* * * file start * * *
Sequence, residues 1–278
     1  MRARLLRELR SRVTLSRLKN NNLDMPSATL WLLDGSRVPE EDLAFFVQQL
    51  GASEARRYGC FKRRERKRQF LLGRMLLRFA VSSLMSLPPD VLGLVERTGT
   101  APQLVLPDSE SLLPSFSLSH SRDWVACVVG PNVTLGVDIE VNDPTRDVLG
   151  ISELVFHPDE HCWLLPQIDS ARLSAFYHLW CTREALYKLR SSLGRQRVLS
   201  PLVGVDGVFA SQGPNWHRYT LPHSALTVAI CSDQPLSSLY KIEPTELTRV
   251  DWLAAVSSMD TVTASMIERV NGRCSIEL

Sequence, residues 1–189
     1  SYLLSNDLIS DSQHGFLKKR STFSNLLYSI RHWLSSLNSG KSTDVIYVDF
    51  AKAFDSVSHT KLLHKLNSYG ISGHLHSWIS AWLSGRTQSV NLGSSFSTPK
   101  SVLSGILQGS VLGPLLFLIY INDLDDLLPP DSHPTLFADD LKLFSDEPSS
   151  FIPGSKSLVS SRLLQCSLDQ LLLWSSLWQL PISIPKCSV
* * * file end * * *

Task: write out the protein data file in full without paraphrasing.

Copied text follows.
Sequence, residues 1–278
     1  MRARLLRELR SRVTLSRLKN NNLDMPSATL WLLDGSRVPE EDLAFFVQQL
    51  GASEARRYGC FKRRERKRQF LLGRMLLRFA VSSLMSLPPD VLGLVERTGT
   101  APQLVLPDSE SLLPSFSLSH SRDWVACVVG PNVTLGVDIE VNDPTRDVLG
   151  ISELVFHPDE HCWLLPQIDS ARLSAFYHLW CTREALYKLR SSLGRQRVLS
   201  PLVGVDGVFA SQGPNWHRYT LPHSALTVAI CSDQPLSSLY KIEPTELTRV
   251  DWLAAVSSMD TVTASMIERV NGRCSIEL

Sequence, residues 1–189
     1  SYLLSNDLIS DSQHGFLKKR STFSNLLYSI RHWLSSLNSG KSTDVIYVDF
    51  AKAFDSVSHT KLLHKLNSYG ISGHLHSWIS AWLSGRTQSV NLGSSFSTPK
   101  SVLSGILQGS VLGPLLFLIY INDLDDLLPP DSHPTLFADD LKLFSDEPSS
   151  FIPGSKSLVS SRLLQCSLDQ LLLWSSLWQL PISIPKCSV